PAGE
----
Exploring less well-walked trails during the summer months can sometimes turn into a mini jungle adventure, encroaching vegetation prompting thoughts that packing a machete may in future pay dividends.
Bushy bracken, thick grass, prickly thistles and stinging nettles spilling out across paths might be a real haven for birds, insects and other wildlife, but they can seriously hamper progress for those of us travelling on two feet.
Setting out from Cortachy, at the bottom of the Angus Glens, to explore lands to the east, I found that some of the mapped ways I planned to wander were seriously overgrown. Thankfully, after a few frustrating falling outs with the undergrowth, newer tracks not yet mapped saved the day.
From the walkers’ car park next to Cortachy Primary School, I ambled down through the hamlet, passing Cortachy Church, a small but striking red sandstone edifice with heavy gothic influence built in 1828.
Beyond the gates of Gray Lodge – the northern entrance to Cortachy Castle – I crossed the River South Esk before branching off the road on to a wonderfully leafy and peaceful woodland trail, a couple of posts with red arrows pointing the way initially.
Looping up below mature beeches overshadowing the castle’s private burial ground, there are some fine views across the river towards the striking white mansion with its towers and its turrets.
Set in pristine grounds and built on the site of an earlier castle, the present Cortachy Castle dates from the 16th century and sits at the heart of Airlie Estates, which has been in the hands of the Ogilvy family for at least 700 years.
Beyond an information board outlining a little of the castle’s history, an intersection of tracks marked the end of my time in the trees.
Leaving the wooded policies of the estate, I headed up the road to Cossacks, a cluster of cottages and farm sheds, where the crumbling asphalt of an older road, flanked by thick banks of gorse, broom and rose bay willow herb, climbs between arable land and pasture.
As height is gained and the hedgerows thin out, there are views across the fields towards Glen Clova and the Airlie Monument, a prominent landmark tower built in 1901 atop Tulloch Hill.
Curving right, the way progresses east, flanked by copses of woodland and reedy wildfowling ponds, to meet the minor road at Dykend.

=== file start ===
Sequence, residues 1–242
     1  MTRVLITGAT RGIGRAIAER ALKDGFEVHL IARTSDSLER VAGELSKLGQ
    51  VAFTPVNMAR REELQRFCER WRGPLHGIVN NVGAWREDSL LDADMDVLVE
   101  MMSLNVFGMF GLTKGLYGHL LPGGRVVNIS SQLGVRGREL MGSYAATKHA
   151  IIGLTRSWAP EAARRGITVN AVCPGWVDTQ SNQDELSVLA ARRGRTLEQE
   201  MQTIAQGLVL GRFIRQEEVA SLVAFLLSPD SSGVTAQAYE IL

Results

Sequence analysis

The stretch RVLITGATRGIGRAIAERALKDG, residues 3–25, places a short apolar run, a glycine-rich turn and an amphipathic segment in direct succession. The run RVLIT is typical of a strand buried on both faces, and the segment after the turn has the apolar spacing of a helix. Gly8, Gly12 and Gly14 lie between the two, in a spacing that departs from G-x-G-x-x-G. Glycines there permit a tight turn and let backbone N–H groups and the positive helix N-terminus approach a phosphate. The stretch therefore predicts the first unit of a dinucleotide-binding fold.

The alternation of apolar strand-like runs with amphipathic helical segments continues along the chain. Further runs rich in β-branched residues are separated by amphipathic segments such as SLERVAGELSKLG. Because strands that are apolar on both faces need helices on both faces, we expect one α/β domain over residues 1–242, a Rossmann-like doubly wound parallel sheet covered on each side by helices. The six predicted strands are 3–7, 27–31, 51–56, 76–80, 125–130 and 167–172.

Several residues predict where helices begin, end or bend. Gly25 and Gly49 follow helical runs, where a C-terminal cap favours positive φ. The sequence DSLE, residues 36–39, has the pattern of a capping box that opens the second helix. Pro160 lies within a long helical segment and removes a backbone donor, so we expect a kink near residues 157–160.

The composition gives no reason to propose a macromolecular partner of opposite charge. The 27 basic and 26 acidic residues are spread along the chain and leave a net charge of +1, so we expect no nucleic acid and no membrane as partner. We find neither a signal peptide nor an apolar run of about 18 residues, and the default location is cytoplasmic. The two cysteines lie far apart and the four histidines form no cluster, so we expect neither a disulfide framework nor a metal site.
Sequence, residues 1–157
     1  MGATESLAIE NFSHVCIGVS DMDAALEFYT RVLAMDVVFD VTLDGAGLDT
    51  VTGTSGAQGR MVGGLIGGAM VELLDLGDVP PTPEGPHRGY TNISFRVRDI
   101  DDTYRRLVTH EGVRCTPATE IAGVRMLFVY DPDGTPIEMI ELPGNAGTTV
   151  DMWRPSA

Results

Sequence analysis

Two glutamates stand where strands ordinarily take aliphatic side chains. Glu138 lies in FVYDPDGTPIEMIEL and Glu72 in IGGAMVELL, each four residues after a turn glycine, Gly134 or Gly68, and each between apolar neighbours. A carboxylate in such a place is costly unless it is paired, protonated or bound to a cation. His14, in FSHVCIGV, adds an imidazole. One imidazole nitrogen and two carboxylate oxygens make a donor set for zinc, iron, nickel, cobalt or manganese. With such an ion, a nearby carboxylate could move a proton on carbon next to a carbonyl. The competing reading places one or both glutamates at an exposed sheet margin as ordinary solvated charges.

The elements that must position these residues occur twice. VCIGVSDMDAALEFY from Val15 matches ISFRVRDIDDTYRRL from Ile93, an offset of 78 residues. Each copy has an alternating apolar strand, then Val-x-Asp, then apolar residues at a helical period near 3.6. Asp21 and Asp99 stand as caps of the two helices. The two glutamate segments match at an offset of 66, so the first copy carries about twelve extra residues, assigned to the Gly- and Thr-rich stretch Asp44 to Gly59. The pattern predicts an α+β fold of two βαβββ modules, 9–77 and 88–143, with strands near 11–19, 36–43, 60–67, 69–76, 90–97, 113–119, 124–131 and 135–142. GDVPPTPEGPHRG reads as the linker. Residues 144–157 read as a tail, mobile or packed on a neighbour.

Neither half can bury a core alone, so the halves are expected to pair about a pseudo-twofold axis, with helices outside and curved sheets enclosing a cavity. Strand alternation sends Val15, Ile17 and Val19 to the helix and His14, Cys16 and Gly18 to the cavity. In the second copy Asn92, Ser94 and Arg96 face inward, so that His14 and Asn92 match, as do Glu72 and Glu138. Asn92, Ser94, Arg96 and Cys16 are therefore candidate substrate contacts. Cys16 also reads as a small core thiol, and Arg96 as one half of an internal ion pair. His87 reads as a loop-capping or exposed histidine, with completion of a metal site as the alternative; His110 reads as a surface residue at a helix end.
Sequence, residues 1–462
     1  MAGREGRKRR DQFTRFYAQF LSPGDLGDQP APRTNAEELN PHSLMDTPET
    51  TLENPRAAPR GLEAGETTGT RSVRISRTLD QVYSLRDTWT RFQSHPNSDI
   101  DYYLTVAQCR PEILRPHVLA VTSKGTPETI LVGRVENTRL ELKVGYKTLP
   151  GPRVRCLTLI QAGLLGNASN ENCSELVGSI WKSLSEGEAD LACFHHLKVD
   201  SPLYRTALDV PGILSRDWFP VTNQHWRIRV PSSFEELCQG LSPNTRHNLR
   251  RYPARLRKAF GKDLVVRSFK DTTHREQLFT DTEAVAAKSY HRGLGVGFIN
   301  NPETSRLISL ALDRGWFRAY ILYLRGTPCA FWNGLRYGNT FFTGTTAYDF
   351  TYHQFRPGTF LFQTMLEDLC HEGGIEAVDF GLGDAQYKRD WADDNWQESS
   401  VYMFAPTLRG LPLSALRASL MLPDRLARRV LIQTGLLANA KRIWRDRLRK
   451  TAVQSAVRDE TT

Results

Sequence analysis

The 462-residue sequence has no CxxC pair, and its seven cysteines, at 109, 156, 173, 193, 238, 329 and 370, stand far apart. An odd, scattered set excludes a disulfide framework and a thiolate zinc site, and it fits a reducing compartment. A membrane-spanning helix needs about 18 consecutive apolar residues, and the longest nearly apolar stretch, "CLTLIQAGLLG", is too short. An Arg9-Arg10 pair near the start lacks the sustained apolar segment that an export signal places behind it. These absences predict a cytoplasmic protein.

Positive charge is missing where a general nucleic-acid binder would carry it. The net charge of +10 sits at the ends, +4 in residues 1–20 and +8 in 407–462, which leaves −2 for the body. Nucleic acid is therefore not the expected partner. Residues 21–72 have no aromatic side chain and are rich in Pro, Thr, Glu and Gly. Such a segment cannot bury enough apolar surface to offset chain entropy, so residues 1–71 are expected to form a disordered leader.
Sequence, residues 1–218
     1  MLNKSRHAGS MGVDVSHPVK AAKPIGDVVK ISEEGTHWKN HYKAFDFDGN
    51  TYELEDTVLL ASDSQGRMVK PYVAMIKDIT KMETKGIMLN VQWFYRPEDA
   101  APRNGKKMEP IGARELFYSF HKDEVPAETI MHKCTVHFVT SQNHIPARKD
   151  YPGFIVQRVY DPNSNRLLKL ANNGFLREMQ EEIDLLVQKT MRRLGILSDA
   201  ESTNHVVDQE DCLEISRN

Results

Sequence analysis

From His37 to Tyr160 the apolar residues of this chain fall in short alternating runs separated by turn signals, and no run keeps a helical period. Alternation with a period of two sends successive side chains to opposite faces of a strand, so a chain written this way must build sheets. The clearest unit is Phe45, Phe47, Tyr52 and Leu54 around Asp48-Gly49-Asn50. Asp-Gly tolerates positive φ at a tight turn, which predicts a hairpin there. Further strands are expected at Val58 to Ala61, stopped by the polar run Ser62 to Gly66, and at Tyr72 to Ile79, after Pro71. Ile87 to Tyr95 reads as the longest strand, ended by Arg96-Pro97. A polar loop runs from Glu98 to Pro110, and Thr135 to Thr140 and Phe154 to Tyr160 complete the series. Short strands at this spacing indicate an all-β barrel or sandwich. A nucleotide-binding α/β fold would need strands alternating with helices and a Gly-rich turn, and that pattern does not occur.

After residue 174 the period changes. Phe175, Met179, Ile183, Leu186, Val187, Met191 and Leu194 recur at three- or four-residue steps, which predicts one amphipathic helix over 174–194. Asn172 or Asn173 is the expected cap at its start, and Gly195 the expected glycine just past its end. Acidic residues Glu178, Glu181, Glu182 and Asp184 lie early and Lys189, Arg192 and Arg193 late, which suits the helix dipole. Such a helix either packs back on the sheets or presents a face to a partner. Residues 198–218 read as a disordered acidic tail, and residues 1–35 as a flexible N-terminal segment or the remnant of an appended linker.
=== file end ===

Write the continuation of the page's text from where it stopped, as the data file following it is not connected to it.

Here, my plans to push further east into Den of Ogil, returning via Glenquiech, Dowelly Den and a lovely wee glen to the south of Benscravie, were thwarted by sporadic outbreaks of rampant vegetation and, saving that route for the winter, I retreated and cut up the road to Horniehaugh.
Above the steading, a clear track skirts the edge of felled and replanted Horniehaugh Wood before rising between fences, through a succession of gates, on to the southern shoulder of Benscravie.
After enjoying the vista across the Braes of Angus towards the rolling hills of Glen Ogil from this elevated spot, I descended towards forestry cloaking the slopes of Auld Man, a curiously named hill, before dipping to a woodshed in the cleft below Knock Hill.
The track clambers over the western shoulder of the hill before dropping to re-join the outward route and I returned to Cortachy via Cossacks happily free of nettle stings or thistle thorns.
1. Follow road down through Cortachy, cross River South Esk and continue up to gateway on right.
2. Go through gate, swing left immediately and follow woodland path to meet surfaced track.
3. Bear left, ascending surfaced track to road and continue up road to Cossacks.
4. Take second track on left (signed Wellbank) and, where route to Wellbank swings right, continue ahead up track (signed No Through Road) to black metal gate. Go through and progress to junction.
5. Continue ahead, following track east to meet road at Dykend.
6. Go left along road to junction by Newmill Cottage.
7. Bear left and ascend road to Horniehaugh.
8. Continue past steading to highest point of road, turn left and ascend track through high metal gate. Bear right at junction at corner of plantation and ascend track to next junction.
9. Turn left and follow track south, dipping past woodshed, to point 5. Retrace steps to Cortachy.
Distance: 10km/6¼ miles
Time: 3 hours
Grading: Moderately easy route following paths, tracks and minor roads through farmland and forestry with some prolonged sections of ascent. Stout footwear recommended
Start/finish: Airlie Estates walkers’ car park next to Cortachy Primary School, Cortachy (Grid ref: NO 392597)
Map: Ordnance Survey 1:50,000 Landranger sheet 44 and 54; Ordnance Survey 1:25,000 Explorer sheets 381 and 389
Tourist Information: Dundee iCentre, 16 City Square, Dundee DD1 3BG (Tel 01382 527527)
Public transport: School bus services between Kirriemuir and Cortachy are available for public use. Visit angus.gov.uk/transport for info